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Foreign stock investors withdraw N99.94bn in four months

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A total of N99.94bn was pulled out by foreign investors from the Nigerian stock market in the first four months of this year as foreign involvement plunged to a four-year low in April.

The foreign portfolio investors injected N 78.31bn into the market from January to April this year, according to data from the Nigerian Exchange Limited.

Foreign portfolio investment (FPI) outflow includes sales transactions or liquidation of portfolio investments through the stock market, while the FPI inflow includes purchase transactions on the NSE (equities only), according to the bourse.

See also Experts predict more inflation as CBN devalues the Naira.

The NGX, in its latest domestic and foreign portfolio report, said foreign outflow fell to N9.82bn in April from N20.28bn in March.

Techeconomy had reported that foreign investors withdrew N30.79bn in January; N39.05bn in February, and N20.28bn in March,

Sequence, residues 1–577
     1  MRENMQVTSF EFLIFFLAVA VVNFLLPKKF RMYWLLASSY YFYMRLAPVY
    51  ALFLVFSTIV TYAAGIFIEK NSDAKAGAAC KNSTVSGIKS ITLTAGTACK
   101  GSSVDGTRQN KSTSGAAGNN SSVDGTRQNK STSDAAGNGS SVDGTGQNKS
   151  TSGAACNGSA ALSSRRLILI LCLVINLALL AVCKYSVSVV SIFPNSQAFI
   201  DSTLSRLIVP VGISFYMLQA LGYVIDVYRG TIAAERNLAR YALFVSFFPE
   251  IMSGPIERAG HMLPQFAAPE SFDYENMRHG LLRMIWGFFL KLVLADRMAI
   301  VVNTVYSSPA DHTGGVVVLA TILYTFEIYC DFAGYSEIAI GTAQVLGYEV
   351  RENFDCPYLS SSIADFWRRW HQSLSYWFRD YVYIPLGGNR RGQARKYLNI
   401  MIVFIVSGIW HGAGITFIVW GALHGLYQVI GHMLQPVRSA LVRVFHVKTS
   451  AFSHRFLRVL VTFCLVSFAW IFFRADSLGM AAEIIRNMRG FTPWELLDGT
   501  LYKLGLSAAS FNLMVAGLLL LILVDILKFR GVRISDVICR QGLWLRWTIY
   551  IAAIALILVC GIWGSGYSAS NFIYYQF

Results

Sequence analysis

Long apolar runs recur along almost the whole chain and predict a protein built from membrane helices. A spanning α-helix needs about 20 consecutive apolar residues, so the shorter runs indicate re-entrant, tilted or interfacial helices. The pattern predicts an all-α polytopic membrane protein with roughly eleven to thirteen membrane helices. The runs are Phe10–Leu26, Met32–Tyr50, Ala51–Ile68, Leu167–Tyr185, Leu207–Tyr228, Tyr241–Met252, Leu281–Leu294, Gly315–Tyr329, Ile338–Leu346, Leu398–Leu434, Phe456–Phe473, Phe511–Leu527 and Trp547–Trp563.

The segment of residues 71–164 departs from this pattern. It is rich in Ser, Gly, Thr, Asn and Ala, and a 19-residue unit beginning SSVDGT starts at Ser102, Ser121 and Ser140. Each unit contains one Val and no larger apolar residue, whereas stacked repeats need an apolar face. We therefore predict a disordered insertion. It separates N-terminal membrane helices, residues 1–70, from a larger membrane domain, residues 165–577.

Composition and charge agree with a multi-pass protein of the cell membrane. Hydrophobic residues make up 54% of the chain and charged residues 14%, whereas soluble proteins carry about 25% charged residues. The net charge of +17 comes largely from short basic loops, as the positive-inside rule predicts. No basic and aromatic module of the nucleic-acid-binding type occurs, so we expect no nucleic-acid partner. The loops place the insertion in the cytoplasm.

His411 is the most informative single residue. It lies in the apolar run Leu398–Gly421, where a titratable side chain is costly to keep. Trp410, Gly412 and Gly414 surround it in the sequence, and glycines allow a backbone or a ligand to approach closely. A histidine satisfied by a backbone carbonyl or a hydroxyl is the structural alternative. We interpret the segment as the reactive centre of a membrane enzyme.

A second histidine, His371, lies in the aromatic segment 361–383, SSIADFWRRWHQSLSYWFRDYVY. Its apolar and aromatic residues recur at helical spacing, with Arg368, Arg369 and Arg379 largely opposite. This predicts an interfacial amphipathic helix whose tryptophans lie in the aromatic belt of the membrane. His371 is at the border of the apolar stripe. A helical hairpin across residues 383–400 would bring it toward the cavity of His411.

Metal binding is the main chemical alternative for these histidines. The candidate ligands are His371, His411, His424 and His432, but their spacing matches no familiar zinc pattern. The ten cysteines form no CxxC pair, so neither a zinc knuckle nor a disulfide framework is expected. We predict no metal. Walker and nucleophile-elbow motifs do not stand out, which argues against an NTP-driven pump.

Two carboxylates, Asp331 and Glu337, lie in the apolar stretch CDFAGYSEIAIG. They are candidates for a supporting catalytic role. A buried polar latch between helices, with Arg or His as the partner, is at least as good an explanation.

Total transactions at the bourse decreased by 30.01 per cent from N228.49bn (about $560.55m) in March 2021 to N159.93bn (about $389.84m) in April 2021.

The total value of transactions executed by domestic investors in April outperformed transactions executed by foreign investors by about 64 per cent.

Domestic transactions decreased by 29.78 per cent from N187.85bn in March to N131.91bn in April.

Total foreign transactions decreased by 31.05 per cent from N40.64bn (about $99.70m) in March to N28.02bn (about $68.31m) in April.

The NGX said the institutional Investors outperformed retail investors by 44 per cent in April, adding that retail transactions decreased by 66.37 per cent from N108.55bn in March to N36.50bn in April.

However, the institutional composition of the domestic market increased by 20.32 per cent from N79.30bn in March 2021 to N95.41bn in April 2021,” it said.

See also Nigeria’s external reserves lost $350m in two weeks – CBN

Experts say they maintain their expectation of weak domestic and foreign investors’ participation on the local bourse in the near term due to sustained rise in yields in the fixed income space and lingering liquidity constraints in the FX market.”

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